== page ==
Sliding down the Great Wall of China

Entrance to tomb of Emperor Zhu Yijun (1563 – 1620)

We booked a tour, which consisted of us, an English speaking local guide and a driver, for a day out at the Great Wall of China and the Ming Tombs. The day started with a stop at the jade shop. We could have opted out of this part of the tour for a cost of $20 extra each.  That’s right, you pay more if you don’t want to attend the mandatory shopping.  So we obediently looked around the jade shop, admired the art work and left without spending a yuan, then headed on to the Ming Tombs.

Tomb headstone

I was surprised at how quickly we left Beijing behind and started driving along country roads and by farmlands. We visited a tomb where Ming Dynasty Emperor Zhu Yijun (1563 – 1620) was buried.  The construction of the tomb started when he was 22 years old.  It’s a strange concept to me preparing for your death at such an early age. I wonder what impact it has on the way you live your life? The Ming tombs are not small mausoleums, they were built as hidden palaces, replicating that which the Emperor lived in but on a slightly smaller scale. While the tomb we visited was not elaborate, as the relics have been removed, it’s fascinating that this huge underground tomb was hidden for hundreds of years. In the 1950’s even when archaeologists knew the tomb was there, it took them years before they could find a way in, so cleverly constructed and protected was the tomb.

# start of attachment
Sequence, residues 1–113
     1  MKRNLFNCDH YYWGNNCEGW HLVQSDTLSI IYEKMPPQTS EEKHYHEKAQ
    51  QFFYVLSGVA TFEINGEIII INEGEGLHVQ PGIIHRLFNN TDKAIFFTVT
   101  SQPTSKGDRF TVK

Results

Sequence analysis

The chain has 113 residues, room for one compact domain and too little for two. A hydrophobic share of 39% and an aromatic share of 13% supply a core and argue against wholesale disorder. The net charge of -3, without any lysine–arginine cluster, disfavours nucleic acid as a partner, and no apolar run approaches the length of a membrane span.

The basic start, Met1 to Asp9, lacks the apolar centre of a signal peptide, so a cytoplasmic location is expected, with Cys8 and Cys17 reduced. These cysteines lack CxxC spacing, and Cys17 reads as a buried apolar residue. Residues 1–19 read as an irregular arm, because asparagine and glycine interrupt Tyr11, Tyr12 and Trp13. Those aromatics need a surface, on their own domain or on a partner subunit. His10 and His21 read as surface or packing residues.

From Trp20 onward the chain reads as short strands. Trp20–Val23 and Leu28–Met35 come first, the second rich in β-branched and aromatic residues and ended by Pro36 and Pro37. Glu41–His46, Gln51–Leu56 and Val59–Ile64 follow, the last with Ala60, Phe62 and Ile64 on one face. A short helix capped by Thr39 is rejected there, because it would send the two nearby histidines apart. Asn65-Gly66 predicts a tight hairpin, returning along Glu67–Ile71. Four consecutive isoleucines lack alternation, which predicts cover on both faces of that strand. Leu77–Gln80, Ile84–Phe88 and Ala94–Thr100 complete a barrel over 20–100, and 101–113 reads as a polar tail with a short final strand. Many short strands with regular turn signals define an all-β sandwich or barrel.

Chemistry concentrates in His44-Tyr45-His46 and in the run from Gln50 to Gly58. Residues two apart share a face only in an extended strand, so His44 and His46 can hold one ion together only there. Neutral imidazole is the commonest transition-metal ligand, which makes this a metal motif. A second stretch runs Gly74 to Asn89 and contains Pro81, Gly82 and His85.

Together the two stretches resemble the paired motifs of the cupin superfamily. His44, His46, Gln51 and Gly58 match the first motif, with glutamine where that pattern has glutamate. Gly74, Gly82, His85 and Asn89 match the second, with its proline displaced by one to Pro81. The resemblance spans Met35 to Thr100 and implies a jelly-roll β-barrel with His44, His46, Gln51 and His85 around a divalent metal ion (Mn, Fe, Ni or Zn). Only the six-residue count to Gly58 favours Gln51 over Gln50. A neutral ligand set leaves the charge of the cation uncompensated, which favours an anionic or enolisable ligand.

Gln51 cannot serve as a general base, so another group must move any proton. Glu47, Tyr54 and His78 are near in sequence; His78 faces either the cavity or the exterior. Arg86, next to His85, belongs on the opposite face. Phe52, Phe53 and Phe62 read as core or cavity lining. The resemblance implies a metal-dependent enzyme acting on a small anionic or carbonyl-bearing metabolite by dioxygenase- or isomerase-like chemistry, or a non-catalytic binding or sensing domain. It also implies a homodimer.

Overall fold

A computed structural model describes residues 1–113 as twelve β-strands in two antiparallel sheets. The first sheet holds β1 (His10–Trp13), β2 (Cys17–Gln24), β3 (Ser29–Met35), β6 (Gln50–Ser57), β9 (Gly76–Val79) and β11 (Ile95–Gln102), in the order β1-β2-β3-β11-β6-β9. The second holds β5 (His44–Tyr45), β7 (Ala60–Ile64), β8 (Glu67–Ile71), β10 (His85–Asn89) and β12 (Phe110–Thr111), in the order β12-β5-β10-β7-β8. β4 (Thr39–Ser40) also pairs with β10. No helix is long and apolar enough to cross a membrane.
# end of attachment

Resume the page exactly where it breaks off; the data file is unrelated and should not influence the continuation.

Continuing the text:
The gate between now and the netherworld

On the way back from the tomb there is a gate which you step through which marks the space between the real world and the netherworld.  Women step through it with their right leg first, men left leg first, both stating loudly “I’m back”. You certainly don’t want to be left in the netherworld.





P1090845P1090823We continued on to the Great Wall of China and this was fabulous.  There are many places to access the great wall, parts are “wild” or in states of disrepair and others, such as that at Mutianyu which we visited, are well preserved.  The wall is 8,851.8 kilometres long and at Mutianyu is 7–8.5 metres high and the top is 4–5 metres wide.  It is a very imposing structure, set in a beautiful landscape and we visited on a glorious smog free day.



Up by chairlift

To access the wall you can climb the hill on which it is built and then climb the wall, or you can do what we did and take the chairlift.  This sounds like a tacky tourist attraction but in fact it was a very unobtrusive way to access the wall.  And how did we get down?  By toboggan of course, what fun!

Down by toboggan

4 thoughts on “Sliding down the Great Wall of China

  1. Megan 18/05/2015 / 7:51 pm

    Excellent post, Anne and the photos are beautiful. The toboggan looks terrifying – hope it had brakes

    • Anne 18/05/2015 / 8:08 pm

      Good brakes and not really terrifying. Once you’ve ridden through Beijing on a bike I’m it pales in comparison.

  2. Libby Gregory 19/05/2015 / 10:12 am

    Loved the Wall , loved that slide too – this brings back wonderful memories for me!

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